I came across an interesting gotcha last week when I was helping a German company troubleshoot their tracking.
They were sending in a prop and an eVar along with an event as payload on a custom link. The numbers for that custom link were a lot higher than the event and the instances on both the prop and the eVar.
I like a puzzle.
So I looked at the debug logs and found the same thing: I could see the hits carrying the information, but I could also see that it “didn’t make it”.
There are a couple of culprits in a situation like this (we mentioned them before):
I checked the settings, they looked good. I checked for VISTA Rules on the Report Suite and found one, but it didn’t modify this prop or eVar. Then I looked at the Processing Rules (it’s always the last thing you check, isn’t it?) and found a ton.
One rule actually did modify the “variables”, but it had a condition which had nothing to do with this case… but it was a “negative condition”. I’ll explain below.
Testing Processing Rules
But Processing Rules (and VISTA Rules) are applied on Adobe servers. You cannot see the effects of these rules on your data. All you can see is the resulting reports.
When I put my developer hat on, I find that frustrating. I need instant feedback! How am I going to debug when I have to wait a couple of minutes, or when I’m not 100% sure what the data in the reports should look like?
Maybe I won’t even have access to the reports! How do I explain to my friendly marketer that I am sending specific values and how can I trust their judgement on whether the reports reflect what I sent?
Only one way that I know of: run end-to-end tests. Sit down with the marketer and plan exactly what we’re going to send in and what we expect to see.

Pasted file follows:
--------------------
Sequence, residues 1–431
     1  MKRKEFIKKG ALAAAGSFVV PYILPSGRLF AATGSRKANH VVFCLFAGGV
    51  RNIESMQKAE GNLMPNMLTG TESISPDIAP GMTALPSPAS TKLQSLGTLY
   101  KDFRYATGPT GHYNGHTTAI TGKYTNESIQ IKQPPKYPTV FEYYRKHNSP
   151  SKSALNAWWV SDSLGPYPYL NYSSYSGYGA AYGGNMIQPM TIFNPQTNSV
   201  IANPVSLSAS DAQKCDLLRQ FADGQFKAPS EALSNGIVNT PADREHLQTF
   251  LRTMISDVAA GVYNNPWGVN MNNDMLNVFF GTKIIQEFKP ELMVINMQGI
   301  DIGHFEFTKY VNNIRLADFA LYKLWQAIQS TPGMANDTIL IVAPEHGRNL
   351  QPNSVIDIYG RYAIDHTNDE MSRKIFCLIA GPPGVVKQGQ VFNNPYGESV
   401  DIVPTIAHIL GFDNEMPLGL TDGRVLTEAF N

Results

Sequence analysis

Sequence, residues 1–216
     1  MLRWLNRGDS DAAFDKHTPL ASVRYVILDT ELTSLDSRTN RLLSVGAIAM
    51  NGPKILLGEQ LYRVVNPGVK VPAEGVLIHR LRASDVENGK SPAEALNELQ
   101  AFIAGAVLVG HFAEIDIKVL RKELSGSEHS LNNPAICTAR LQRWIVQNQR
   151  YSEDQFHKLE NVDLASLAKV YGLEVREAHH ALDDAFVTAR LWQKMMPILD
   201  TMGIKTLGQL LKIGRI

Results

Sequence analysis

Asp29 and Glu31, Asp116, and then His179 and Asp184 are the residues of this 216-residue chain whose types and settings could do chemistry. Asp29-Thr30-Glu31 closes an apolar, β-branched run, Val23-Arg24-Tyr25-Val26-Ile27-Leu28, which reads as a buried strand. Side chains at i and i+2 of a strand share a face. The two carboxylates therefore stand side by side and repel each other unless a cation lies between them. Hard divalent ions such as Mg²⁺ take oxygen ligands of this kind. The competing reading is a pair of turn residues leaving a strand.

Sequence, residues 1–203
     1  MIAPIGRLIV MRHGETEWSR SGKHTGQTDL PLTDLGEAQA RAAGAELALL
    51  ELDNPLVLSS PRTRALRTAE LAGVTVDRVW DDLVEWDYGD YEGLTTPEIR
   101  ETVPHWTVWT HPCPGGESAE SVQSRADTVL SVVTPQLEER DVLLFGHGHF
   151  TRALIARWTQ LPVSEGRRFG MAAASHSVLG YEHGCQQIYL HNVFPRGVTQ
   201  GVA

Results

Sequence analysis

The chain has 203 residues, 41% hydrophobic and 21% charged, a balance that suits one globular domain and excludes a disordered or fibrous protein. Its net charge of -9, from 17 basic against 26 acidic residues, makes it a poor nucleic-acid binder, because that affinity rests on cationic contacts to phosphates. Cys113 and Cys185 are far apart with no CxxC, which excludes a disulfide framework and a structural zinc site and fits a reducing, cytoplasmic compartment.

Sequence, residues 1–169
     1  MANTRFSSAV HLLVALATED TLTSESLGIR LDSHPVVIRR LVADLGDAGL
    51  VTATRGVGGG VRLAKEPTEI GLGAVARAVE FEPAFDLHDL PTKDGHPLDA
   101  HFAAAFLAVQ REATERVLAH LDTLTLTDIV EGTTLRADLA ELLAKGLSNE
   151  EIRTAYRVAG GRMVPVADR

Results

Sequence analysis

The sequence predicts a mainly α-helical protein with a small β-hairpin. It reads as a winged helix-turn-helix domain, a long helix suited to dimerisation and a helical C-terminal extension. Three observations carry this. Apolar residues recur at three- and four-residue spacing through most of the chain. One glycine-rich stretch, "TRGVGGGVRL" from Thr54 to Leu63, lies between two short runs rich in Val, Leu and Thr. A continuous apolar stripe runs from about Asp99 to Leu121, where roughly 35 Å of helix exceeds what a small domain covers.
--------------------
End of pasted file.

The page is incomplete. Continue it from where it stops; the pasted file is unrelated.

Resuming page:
You must define the expected results upfront! Failure to do so means you’ll see data and you’ll likely find a way to explain it. Don’t walk into that trap!
I decided to replicate the rule this customer had, but make it simpler.
My hunch was that the “negative condition” was the culprit. Let me explain, using the rule I made. Here it is:
The crucial bit is the condition, specifically the operator — “Does Not Start With”.
Page on http://my.site.com/landing.php?cid=abc is viewed. The “cid” URL parameter does clearly not start with “je_”, so we would expect the rule to fire and therefore event6 should be set on this hit.
Page on http://my.site.com/landing.php?cid=je_123 is viewed. In this case, the “cid” parameter on the URL does start with “je_”, so we would expect the rule to not fire. The event should therefore not be set on this hit.
So far so good.
Unfortunately there is a third case.
What about when the page on http://my.site.com/home.php is viewed by someone?
There is no “cid” URL parameter here.
Yup, easy. The rule does fire.
It turns out the “Does not” rules are literally a negation of their “Does” counterparts.
The system tests whether “cid” starts with “je_” and since it clearly doesn’t, the condition is met and the rule fires.
Here we go:
I sent 8 hits in total, 2 with “cid=abc”, 2 with “cid=je_123” and 4 without a “cid” parameter.
This is what I got:
If you expected a “2” here, you’re not alone. But the hits without a “cid” are clearly being counted, hence the “6”.
So how do we fix that?
Rules can have more than one condition. All you need to do is make it more explicit.
And let’s be honest, when you used “URL parameter cid does not start with je_”, you actually meant “if there is a URL parameter cid, it must not start with je_”.
This is exactly how you fix this:
And the resulting data is good:
Nice little gotcha, isn’t it?
So when you use Processing Rules, be positive or be negative, up to you. But always be precise!